Above and belowground dry samples (1 g subsamples from each individual pot sample) were analyzed for total Ni, Cr, and Cu concentrations as in Watanabe et al. (2015). The samples were digested in a solution of 6 ml of concentrated HNO3 and 1 ml of H2O2, the solution was heated at 110°C for 2 h, and then distilled water was added to reach the volume of 50 ml, the solution was filtered at 0.45 μm and then read with ICP-MS (Agilent 7900).
To assess the performance of the phytoextraction-assisted bioaugmentation with PGPR and addition of chelating agents, the following factors (Lebeau et al., 2008; Ali et al., 2013) were calculated for hemp and giant reed: plant biomass (mg pot–1), concentration (mg kg–1) and amount of metal extracted by plants (μg pot–1 in each plant component), bioconcentration (BCF), and translocation (TF) factors defined, respectively, as the metal in AGB to the metal in soil ratio and the metal in AGB to the metal in BGB ratio. BGB in hemp was only roots while root and rhizomes in giant reed.
Whole-Canopy Gas Exchange Measurements
The day before the first EDTA/PGPR application, hemp and giant reed pots were placed into a semi-automated gas exchange platform to measure whole-canopy gas exchanges for 7 days. Canopy net assimilation rate (Pn) and transpiration rate (E) were determined with a self-assembled multichamber gas exchange apparatus (fully described in Fracasso et al., 2017). In brief, in this system, air is drawn from outside and blown into the chambers while a CIRAS-DC double-channel absolute CO2/H2O infrared gas analyzer (PP-System) combined to a datalogger measures continuously, 24 h day–1, CO2 and H2O concentrations at the inlet and outlet of each chamber. Pn and E were calculated from flow rates and CO2 and water vapor differentials using the formula provided by Long and Hällgren (1993).
Fine Root System Characterization
Once cleaned, roots were hand recovered from the water using a 2-mm mesh sieve. Determination of root length density (RLD, cm cm–3) and root diameters was performed with the software winRHIZO Pro 2019. The images were acquired using the TWAIN interface at 600 dpi and with a scanner (model: Epson Expression 10000xl) equipped with a double light source to avoid roots overlapping. Fine roots dry biomass weight was determined gravimetrically, after taking scanned images, drying the roots at 60°C until constant weight. The dried fine root sample were then analyzed for total HM concentration as in Section “Heavy Metals Determination on Plant, Soil, and Leachate Samples.” The diameter class length (DCL, mm cm–3) was calculated for very fine (0.0–0.5 mm), fine (0.5–2 mm), and coarse (>2 mm) diameters for both crops. The DCL was calculated for 13-diameter classes from 0 to 3.15 mm (with a 0.15-mm increase per class). To describe crops’ DCL distribution as affected by treatments, the DCL data of hemp and giant reed were fitted with the non-linear regression extreme value model (Curve expert Professional 2.6.4) as suggested by Zobel et al. (2007) and successfully applied to biomass crops by Chimento and Amaducci (2015):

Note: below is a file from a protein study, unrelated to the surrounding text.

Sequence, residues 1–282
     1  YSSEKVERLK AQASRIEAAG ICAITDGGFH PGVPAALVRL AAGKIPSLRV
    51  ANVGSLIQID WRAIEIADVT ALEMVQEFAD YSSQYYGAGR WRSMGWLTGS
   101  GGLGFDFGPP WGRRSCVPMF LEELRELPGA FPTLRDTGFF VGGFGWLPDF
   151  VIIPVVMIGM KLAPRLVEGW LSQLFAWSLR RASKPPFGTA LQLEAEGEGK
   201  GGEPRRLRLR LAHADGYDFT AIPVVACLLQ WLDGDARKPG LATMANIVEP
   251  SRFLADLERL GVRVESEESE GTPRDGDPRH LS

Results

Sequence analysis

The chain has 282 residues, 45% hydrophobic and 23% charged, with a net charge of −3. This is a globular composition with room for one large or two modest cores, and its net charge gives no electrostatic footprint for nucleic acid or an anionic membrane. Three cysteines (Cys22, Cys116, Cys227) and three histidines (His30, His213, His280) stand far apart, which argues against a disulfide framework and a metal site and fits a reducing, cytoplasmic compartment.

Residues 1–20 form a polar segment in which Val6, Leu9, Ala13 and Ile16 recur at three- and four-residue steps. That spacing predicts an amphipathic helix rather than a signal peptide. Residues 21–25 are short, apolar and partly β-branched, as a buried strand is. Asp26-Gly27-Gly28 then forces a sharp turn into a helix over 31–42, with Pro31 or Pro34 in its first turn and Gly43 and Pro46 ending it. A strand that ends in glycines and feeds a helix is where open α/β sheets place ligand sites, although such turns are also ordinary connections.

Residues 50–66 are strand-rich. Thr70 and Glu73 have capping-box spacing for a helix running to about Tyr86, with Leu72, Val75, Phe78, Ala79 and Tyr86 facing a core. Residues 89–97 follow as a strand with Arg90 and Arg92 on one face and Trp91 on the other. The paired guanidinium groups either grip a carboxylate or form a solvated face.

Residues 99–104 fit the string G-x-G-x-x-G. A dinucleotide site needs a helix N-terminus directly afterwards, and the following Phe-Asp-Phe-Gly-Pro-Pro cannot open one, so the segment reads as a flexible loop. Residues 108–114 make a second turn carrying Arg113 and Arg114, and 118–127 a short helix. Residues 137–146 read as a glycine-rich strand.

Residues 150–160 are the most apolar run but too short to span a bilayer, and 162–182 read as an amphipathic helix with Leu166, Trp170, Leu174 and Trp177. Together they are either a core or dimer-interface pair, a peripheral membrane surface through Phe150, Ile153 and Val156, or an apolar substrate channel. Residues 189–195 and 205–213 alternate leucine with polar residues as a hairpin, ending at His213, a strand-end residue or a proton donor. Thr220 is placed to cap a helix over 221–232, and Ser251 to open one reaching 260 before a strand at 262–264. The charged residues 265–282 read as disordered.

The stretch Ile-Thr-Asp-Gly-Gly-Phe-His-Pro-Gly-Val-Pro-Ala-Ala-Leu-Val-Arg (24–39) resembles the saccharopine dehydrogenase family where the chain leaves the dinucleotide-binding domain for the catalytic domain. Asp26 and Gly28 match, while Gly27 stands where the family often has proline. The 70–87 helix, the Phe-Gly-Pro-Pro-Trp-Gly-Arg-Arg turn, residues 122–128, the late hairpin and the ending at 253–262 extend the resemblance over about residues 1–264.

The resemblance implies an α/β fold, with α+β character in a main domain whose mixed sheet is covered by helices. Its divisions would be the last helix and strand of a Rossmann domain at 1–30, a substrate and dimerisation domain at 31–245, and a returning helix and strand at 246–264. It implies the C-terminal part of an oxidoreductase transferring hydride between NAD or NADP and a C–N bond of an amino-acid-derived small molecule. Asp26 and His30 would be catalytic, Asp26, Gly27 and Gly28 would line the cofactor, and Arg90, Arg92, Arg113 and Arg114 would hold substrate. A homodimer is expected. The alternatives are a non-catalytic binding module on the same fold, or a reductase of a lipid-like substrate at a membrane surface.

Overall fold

where x refers to diameter class (mm). In general, the coefficient a (baseline) is the value approached by DCL as x approaches positive or negative infinity, b is the DCL peak value minus a, c is diameter class at peak value (the x-axis location of b), and d (amplitude of the curve) is related to the width across the curve at half maximum (b / 2 + a) so that width at half maximum equals 2.446 d (Zobel et al., 2007).
Microbial Biomass and Enzyme Activities of Bulk and Rhizosphere Soils
Twenty soil enzymatic activities (EA) involved in key steps of soil C, N, P, and S cycling were measured: (i) α-glucosidase (agluc, EC 18.104.22.168), β-glucosidase (bgluc, EC.22.214.171.124), α-galactosidase (alfaGAL, EC 126.96.36.199), β-galactosidase (betaGAL, EC 188.8.131.52), α-mannosidase (alfaMAN, EC 184.108.40.206), β-mannosidase (betaMAN, EC 220.127.116.11), β-D-glucuronidase (uroni, EC 18.104.22.168); β-1,4-glucanase (cell, EC 22.214.171.124), β-1,4-xylanase (xilo, EC 126.96.36.199) involved in C cycling; (ii) N-acetyl-b-D-glucosaminidase (chit, EC 188.8.131.52), leucine amino-peptidase (leu, EC.184.108.40.206.), trypsin-like protease (tryp, EC 3.4.21. 4) involved in N cycling; (iii) acid (acP, EC.220.127.116.11) and alkaline phosphomonoesterase (alkP, EC.18.104.22.168), phosphodiesterase (bisP, E.C.22.214.171.124.), pyrophosphodiesterase (piroP, EC.126.96.36.199.), inositol-P phosphatase (inositP, EC 188.8.131.52) involved in P cycling; (iv) arylsulfatase (aryS, EC.184.108.40.206.) involved in S cycling; and (v) non-anoate (nona) and palmitate (palmit) esterase (EC 3.1.) involved in the hydrolysis of ester bonds. EA were determined on soil extracts (Bardelli et al., 2017) using fluorogenic substrates containing 4-methyl–umbelliferyl (MUF) and 7-amino-4-methyl coumarin (AMC) as fluorophores. Soil enzymes were desorbed by heteromolecular exchange procedure via bead-beating according to Ferrarini et al. (2020). Soil microbial biomass was determined as double-strand DNA (dsDNA) content (Fornasier et al., 2014).
Molecular Analyses of Bulk and Rhizosphere Bacterial Diversity